Fri 27 Apr 2007, The Scotsman


Simon Thacker, The Alternative Guitar




SIMON Thacker's Alternative Guitar programme for Edinburgh Contemporary Arts Trust (ECAT) took the audience on a whirlwind tour of global musical styles, from hot-blooded South American rhythms to Balkan dances. The guitar is often underrated as a solo instrument, but Thacker demonstrated with startling virtuosity just how versatile and exciting it can be in the right hands.

Receiving its first performance, Kenneth Dempster's Sanctum - jointly commissioned by ECAT and Napier University - revealed a quieter, more meditative side to the instrument. Ethereal bell-like harmonics led on to a gentle, meandering melody subtly punctuated by strategically placed accents.

This delicate unpicking of the harmonic elements of the notes was also explored in Nigel Osborne's After Night, inspired by a Jewish hymn.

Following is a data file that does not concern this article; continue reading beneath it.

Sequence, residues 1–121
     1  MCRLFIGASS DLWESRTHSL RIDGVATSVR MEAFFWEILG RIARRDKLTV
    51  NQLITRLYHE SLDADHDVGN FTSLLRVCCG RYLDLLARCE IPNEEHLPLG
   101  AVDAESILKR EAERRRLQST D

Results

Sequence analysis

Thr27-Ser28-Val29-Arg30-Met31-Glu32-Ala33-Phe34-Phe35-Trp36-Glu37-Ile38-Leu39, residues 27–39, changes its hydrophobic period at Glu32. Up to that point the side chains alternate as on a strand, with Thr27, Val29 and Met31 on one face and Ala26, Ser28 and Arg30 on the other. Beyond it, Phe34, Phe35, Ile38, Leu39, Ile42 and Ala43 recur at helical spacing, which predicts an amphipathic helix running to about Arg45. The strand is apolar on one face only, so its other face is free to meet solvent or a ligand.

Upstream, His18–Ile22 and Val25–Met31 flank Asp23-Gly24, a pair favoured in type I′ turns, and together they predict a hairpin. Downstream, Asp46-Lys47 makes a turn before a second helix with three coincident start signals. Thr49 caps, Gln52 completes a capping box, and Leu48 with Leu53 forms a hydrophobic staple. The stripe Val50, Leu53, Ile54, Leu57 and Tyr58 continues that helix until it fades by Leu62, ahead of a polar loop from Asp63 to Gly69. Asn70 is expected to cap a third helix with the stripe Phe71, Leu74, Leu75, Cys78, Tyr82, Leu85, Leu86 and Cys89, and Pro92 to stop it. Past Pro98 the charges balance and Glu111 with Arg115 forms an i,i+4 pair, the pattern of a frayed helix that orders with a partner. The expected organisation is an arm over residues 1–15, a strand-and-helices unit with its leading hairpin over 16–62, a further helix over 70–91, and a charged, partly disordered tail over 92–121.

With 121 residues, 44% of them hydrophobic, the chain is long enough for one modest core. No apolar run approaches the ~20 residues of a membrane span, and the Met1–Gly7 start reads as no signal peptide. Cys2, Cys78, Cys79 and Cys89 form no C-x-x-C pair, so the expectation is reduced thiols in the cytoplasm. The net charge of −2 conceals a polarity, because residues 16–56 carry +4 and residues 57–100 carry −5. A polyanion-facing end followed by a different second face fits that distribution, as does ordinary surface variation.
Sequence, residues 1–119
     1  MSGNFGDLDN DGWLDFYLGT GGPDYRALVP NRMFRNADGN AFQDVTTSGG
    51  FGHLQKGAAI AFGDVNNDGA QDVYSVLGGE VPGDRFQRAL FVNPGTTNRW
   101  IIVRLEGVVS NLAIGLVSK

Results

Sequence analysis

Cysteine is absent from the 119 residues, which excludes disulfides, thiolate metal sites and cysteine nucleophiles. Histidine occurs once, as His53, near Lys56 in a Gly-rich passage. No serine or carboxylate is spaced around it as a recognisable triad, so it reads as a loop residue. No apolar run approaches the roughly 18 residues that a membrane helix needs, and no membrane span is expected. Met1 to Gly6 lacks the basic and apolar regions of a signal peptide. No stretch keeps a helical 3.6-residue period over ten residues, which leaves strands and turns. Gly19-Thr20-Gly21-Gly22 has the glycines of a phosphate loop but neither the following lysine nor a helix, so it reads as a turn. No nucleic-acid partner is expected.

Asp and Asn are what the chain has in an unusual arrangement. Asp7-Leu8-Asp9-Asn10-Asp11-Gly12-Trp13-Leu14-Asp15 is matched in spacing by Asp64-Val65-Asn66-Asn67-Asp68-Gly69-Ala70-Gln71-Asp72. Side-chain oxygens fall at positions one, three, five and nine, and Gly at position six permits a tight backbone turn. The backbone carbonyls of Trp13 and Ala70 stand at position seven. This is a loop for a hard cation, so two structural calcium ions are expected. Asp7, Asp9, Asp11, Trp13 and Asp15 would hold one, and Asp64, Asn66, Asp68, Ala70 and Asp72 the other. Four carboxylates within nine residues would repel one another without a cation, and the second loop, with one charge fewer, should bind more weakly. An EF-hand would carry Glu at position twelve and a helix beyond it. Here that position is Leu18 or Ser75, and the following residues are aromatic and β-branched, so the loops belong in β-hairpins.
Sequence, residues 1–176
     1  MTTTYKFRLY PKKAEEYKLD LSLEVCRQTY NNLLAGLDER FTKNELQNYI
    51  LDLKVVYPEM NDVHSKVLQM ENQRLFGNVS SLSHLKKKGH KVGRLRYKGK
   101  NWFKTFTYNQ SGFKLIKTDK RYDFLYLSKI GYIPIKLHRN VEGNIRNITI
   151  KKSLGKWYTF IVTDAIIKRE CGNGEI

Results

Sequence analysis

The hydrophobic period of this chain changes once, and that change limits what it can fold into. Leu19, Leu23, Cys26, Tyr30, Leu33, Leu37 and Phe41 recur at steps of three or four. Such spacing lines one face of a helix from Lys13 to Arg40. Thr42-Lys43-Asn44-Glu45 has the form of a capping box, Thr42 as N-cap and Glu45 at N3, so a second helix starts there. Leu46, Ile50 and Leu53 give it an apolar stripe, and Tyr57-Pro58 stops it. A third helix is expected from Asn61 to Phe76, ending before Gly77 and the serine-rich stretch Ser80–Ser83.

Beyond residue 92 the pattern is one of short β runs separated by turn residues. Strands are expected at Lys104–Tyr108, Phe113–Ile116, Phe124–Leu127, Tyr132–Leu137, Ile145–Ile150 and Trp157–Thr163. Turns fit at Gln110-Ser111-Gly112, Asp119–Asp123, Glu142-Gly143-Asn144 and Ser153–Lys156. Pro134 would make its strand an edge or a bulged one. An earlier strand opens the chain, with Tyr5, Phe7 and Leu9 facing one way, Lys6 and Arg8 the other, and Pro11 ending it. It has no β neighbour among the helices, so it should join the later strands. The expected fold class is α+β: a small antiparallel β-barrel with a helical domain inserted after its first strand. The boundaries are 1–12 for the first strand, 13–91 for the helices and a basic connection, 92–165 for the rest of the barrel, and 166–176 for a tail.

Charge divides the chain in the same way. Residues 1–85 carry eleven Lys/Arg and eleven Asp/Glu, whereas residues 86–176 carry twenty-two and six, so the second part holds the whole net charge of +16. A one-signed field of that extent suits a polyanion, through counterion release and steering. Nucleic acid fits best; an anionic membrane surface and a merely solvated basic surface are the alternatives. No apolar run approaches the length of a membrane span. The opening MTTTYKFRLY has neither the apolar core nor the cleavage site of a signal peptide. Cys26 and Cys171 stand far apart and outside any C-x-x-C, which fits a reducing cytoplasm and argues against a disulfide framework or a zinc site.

A half-second digital delay in Nigel Westlake's Hichinbrook Riffs created a beautifully spacious and beguiling soundworld. Absolute focus was essential, as Thacker was in effect accompanying himself. Sound technology, in the form of a computer-synthesised tape along with amplification of the guitar, also featured in Thacker's interpretation of Shirish Korde's Time Grids, producing a variety of percussive sounds.

This aspect of the instrument created some dramatic moments in Edino Krieger's Ritmata, where Thacker used tapping both on the strings and the wooden part of the guitar, and his dexterity was tested to the limit in Alberto Ginastera's flamboyant Sonata for Guitar Op. 47, which demands a range of unusual techniques, including a sharp "slapping" sound.




This article: